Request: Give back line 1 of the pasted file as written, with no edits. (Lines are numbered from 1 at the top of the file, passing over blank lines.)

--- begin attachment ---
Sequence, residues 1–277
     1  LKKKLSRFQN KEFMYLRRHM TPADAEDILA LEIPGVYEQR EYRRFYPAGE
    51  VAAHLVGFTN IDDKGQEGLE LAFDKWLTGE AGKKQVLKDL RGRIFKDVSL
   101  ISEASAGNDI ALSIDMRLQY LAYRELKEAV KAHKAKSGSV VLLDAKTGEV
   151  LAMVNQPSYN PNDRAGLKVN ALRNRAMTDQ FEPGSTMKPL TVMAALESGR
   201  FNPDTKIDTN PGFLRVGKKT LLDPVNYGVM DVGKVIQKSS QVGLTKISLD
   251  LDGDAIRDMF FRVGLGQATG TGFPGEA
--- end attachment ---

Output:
Sequence, residues 1–277